After years of successfully defending local celebrity clients like QB Warren Moon (spousal abuse) and Rockets coach Rudy Tomjanovich (DWI), former Harris County prosecutor Rusty Hardin finally jumped to the major leagues with national coverage of his roles in the Anna Nicole Smith probate jamboree and the Arthur Andersen shredding trial. Hardin got so under Smith's skin during cross-examination that she immortalized him for the nation's court TV junkies by snapping, "Screw you, Rusty." The lawyer charmed reporters from The New York Times and The Wall Street Journal during the Andersen trial with his country mannerisms and hokey off-color suits. He repeatedly ridiculed the government's case with the slogan "Where's Waldo?" Unfortunately for Rusty, Waldo turned out to be Judge Melinda Harmon, whose instructions forced the jury out of a weeklong deadlock and into a conviction of his client.
Minute Maid Park
God bless that American tradition of elections -- those august times when the populace flows into frayed schoolhouse hallways or churches or even humble homes or garages to exercise their voting rights. But the downtown crowd, at least the Republicans, got a better deal on this democratic notion in the party primaries. While the lesser Democrats of the same precincts were packing into the Knights of Columbus Hall, the GOP (as in Grand Ol' Park) was granted access to the airy delights of Union Station, a.k.a. Minute Maid Park. Makes sense. Ballots take on the look of lineup cards. There's a turnstile of sorts to take the straight-ticket voters. The players in this game have already tapped into their base of fan support with fat PAC backing. A dangling chad dispute? Call in the ump. And electoral turnout would soar if they could only expand the process to let fans vote on fresh candidates for some of the Astros' positions -- or even on a new owner.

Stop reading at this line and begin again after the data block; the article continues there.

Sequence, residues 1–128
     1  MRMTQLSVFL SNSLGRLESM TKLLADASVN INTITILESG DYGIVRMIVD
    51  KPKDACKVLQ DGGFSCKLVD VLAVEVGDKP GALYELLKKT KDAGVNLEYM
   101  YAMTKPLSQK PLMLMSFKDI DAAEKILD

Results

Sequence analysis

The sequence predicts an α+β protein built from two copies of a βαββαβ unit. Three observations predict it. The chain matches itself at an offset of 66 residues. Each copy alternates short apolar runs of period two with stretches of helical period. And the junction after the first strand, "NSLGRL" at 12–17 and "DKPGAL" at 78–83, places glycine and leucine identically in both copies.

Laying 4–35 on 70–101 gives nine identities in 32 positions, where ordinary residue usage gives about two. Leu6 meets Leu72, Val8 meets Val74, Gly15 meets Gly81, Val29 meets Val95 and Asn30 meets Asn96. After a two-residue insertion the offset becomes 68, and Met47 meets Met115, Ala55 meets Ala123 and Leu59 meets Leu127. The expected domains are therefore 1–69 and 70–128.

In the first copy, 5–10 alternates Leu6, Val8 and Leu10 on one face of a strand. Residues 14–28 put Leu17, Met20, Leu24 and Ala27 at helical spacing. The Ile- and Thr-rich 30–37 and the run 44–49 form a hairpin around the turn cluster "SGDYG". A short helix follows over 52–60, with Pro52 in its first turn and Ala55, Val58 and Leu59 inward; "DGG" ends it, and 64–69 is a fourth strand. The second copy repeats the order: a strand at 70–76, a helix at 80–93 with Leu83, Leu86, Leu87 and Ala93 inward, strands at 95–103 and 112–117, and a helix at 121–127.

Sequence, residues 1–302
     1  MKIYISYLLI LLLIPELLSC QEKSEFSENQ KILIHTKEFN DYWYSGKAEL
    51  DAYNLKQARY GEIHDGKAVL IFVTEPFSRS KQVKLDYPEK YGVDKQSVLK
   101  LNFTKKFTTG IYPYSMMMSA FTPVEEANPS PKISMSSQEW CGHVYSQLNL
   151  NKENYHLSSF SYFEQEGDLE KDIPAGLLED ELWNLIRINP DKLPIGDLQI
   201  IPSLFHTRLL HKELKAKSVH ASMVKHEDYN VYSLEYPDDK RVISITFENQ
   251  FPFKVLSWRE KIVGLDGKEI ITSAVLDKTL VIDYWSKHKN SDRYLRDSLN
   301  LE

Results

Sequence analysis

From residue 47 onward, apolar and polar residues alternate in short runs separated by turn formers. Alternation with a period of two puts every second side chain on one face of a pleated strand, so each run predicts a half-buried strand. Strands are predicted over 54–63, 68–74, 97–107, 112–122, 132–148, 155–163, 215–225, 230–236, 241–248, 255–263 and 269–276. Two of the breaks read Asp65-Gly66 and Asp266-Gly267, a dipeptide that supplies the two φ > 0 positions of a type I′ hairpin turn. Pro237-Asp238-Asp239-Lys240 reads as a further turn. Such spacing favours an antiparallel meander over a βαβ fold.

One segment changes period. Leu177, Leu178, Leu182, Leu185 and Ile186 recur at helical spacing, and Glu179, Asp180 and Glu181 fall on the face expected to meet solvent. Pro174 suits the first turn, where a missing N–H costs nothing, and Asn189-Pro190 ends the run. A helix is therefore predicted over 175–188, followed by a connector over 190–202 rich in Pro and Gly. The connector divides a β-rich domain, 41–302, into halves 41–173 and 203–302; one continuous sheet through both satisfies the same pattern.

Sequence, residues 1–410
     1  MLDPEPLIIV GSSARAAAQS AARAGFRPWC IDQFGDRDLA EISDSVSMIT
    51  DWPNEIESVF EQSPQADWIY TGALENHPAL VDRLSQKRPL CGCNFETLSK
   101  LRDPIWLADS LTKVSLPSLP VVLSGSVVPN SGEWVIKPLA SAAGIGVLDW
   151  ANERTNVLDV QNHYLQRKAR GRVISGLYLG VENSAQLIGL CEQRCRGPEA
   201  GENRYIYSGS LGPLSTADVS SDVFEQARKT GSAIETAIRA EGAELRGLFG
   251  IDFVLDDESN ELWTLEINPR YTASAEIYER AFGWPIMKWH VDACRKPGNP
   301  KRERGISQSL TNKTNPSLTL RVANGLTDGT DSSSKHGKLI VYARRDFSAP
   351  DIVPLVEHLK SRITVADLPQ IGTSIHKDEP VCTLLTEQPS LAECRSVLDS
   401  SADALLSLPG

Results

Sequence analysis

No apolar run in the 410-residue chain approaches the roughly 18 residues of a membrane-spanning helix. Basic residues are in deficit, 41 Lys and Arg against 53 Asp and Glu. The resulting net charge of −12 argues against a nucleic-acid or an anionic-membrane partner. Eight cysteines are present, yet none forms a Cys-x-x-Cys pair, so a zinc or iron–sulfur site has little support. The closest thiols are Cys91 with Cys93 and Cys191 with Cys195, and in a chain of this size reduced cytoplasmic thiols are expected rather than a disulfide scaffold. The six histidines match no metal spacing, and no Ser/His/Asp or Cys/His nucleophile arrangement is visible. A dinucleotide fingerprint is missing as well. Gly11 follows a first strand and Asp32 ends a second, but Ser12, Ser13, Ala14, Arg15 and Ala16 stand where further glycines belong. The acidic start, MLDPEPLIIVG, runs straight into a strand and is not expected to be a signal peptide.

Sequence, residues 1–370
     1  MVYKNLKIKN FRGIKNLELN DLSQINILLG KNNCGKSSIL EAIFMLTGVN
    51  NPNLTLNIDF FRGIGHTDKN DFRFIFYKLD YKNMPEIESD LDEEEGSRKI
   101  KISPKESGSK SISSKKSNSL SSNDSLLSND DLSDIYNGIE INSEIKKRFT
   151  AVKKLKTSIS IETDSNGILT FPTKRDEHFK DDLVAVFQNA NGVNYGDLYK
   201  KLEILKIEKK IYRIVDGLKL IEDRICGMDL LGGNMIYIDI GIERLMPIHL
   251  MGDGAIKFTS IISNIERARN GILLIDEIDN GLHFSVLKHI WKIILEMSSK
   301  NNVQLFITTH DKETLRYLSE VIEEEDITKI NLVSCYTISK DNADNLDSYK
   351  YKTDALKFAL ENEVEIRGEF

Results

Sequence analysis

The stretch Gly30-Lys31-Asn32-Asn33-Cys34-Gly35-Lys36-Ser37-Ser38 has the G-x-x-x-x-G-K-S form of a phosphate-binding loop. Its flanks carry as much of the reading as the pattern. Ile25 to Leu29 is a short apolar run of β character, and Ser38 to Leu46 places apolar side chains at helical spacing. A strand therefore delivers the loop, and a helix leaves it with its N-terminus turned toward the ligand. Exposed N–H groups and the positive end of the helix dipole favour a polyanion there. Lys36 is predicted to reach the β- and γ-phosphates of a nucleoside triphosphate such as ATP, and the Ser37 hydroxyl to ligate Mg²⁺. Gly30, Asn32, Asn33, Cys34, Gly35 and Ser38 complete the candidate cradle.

East End native Carol Alvarado has been crusading for other people's municipal campaigns ever since she could walk, and last fall she finally won her own place on Houston City Council. The former aide to Mayor Lee Brown weathered an acrimonious contest against two opponents to win the District I seat without a runoff. This success came to her despite the fact that she was opposed by both her term-limited predecessor, John Castillo, and the other Hispanic member of council, Gabe Vasquez. The 35-year-old Alvarado won her race by utilizing a wealth of contacts built through more than a decade of community involvement. Somewhere down the road she might just face off with last year's Best Politician, Councilman Vasquez, for the right to become Houston's first Hispanic mayor.